This section is from the book "The Law Of Contracts", by William Herbert Page. Also available from Amazon: Commercial Contracts: A Practical Guide to Deals, Contracts, Agreements and Promises.
Contracts are often made which require delivery, or payment, or both, in installments. Whether such contracts are entire, and whether a breach as to one installment is a discharge as to the remaining installments is a question upon which there is hopeless divergence of judicial authority, since different courts act on two distinct theories, which sometimes produce the same results, but more often different ones. One theory is that such contracts are entire, and that a breach by one party as to one installment is the breach of " a condition precedent upon the failure or non-performance of which the party aggrieved may repudiate the whole contract."1 The other theory is that such breach does not of itself amount to a discharge, but that it is only when the party breaking the contract shows that he repudiates his contractual obligation, that it is to be treated as a breach by renunciation,2 and hence a discharge.3 In applying this last theory some courts have treated such contracts as entire on one side and apportionable on the other.4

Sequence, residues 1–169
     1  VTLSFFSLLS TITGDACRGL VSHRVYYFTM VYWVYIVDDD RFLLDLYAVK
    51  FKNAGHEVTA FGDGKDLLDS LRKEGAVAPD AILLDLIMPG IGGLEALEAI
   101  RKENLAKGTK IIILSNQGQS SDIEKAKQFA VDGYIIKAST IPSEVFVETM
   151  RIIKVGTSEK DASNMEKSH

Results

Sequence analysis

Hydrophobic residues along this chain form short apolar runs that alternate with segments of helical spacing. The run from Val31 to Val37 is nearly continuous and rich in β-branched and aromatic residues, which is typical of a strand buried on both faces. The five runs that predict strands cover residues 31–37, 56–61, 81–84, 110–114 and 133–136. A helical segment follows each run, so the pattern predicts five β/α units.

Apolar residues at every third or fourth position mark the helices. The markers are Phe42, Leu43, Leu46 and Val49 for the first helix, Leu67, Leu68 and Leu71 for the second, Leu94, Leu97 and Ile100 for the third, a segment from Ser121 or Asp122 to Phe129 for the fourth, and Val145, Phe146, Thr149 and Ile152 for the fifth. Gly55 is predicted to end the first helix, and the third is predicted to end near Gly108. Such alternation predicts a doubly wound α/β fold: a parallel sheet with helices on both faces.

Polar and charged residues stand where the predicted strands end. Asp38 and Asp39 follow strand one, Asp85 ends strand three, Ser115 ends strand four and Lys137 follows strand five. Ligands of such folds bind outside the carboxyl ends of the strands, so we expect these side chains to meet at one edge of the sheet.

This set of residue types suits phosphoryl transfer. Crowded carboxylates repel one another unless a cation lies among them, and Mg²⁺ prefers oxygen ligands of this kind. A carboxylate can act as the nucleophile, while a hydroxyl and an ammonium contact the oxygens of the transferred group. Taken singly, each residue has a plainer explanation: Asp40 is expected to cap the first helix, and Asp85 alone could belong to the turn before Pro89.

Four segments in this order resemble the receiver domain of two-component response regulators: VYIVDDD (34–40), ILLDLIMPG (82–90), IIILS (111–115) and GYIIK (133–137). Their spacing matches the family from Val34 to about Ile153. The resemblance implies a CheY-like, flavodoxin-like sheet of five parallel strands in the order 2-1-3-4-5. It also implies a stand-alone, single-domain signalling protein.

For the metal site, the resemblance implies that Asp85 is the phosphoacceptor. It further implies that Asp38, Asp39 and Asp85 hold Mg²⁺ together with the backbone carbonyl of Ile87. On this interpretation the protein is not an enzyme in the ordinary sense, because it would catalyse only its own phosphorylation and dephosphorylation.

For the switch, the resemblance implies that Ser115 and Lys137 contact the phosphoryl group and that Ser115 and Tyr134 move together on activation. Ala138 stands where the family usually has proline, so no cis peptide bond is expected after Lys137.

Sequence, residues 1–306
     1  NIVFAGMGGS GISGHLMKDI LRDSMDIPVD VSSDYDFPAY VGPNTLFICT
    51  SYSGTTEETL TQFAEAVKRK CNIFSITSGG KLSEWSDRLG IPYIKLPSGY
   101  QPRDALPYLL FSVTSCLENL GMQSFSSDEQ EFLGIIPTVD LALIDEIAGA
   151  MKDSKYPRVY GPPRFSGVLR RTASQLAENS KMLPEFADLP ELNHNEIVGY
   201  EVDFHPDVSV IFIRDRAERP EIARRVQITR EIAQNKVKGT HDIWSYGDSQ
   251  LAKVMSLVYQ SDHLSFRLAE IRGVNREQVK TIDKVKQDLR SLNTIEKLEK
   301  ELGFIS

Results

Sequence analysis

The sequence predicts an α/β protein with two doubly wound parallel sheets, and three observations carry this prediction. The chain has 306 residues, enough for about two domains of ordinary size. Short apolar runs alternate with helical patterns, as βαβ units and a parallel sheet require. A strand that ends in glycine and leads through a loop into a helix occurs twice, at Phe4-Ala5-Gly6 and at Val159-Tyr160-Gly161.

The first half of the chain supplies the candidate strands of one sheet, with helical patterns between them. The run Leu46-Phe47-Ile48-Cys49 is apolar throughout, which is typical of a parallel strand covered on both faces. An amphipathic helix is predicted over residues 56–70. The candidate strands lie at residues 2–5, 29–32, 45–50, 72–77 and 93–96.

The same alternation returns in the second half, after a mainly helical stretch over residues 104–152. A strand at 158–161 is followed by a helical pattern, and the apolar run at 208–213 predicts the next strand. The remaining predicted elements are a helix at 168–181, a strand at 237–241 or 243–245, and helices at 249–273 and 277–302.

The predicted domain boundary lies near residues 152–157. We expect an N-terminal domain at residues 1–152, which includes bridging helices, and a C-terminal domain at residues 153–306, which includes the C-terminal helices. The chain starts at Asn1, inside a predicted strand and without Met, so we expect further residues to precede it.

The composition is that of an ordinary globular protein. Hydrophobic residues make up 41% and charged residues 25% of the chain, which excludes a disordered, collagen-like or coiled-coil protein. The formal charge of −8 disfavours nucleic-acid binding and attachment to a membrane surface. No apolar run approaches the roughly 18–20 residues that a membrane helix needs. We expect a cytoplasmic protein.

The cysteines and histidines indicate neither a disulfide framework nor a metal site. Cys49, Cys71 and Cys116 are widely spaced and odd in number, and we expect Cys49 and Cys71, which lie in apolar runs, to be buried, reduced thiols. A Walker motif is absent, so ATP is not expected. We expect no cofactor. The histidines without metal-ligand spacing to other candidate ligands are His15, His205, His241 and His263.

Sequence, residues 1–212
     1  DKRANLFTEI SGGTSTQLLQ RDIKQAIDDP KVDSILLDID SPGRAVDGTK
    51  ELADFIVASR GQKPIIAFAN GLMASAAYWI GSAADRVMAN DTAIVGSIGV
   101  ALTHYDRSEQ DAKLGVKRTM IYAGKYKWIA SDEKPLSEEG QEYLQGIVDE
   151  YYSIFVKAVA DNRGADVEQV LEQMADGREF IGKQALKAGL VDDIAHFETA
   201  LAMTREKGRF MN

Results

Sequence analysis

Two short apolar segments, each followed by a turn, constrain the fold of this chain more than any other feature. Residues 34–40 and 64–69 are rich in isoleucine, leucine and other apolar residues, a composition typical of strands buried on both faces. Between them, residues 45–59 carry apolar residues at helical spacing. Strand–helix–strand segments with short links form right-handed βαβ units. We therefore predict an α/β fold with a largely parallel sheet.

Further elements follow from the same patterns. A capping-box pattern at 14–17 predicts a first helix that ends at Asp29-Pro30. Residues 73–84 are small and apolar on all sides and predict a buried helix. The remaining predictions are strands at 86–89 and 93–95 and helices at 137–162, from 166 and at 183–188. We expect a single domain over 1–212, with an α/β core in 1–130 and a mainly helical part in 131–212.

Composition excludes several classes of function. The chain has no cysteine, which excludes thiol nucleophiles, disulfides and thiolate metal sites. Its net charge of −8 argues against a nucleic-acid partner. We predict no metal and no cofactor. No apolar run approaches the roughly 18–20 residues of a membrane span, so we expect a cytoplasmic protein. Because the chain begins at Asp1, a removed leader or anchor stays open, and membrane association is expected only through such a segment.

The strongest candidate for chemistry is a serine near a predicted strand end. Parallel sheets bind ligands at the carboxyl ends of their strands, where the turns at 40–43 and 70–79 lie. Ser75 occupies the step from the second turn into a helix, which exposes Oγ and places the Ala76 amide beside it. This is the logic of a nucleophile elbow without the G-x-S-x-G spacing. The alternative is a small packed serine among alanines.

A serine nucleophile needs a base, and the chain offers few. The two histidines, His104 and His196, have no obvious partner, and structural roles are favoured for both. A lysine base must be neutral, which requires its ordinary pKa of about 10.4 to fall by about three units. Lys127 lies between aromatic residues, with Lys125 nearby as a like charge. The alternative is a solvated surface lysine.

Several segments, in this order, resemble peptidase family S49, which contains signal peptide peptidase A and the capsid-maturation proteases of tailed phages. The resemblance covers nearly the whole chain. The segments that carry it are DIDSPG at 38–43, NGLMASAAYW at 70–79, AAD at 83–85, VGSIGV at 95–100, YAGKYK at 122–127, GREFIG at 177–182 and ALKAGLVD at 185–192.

2 Tuttle v. Burgett, 53 O. S. 498; 53 Am. St. Rep. 649; 30 L. R. A. 214; 42 N. E. 427.
3 Teats v. Flanders, 118 Mo. 660; 24 S. W. 126.
4Vaneleave v. Clark, 118 Ind. 61; 3 L. R. A. 519; 20 N. E. 527.
5 Lathrop v. Mayer, 86 Mo. App. 355.
6 Parker v. Russell, 133 Mass. 74.
1 Norrington v. Wright, 115 U. S. 188, 203; quoted in Cleveland Rolling Mill v. Rhodes, 121 U. S. 254. 261.
2 See Sec. 1442.
3 See Sec. 1442.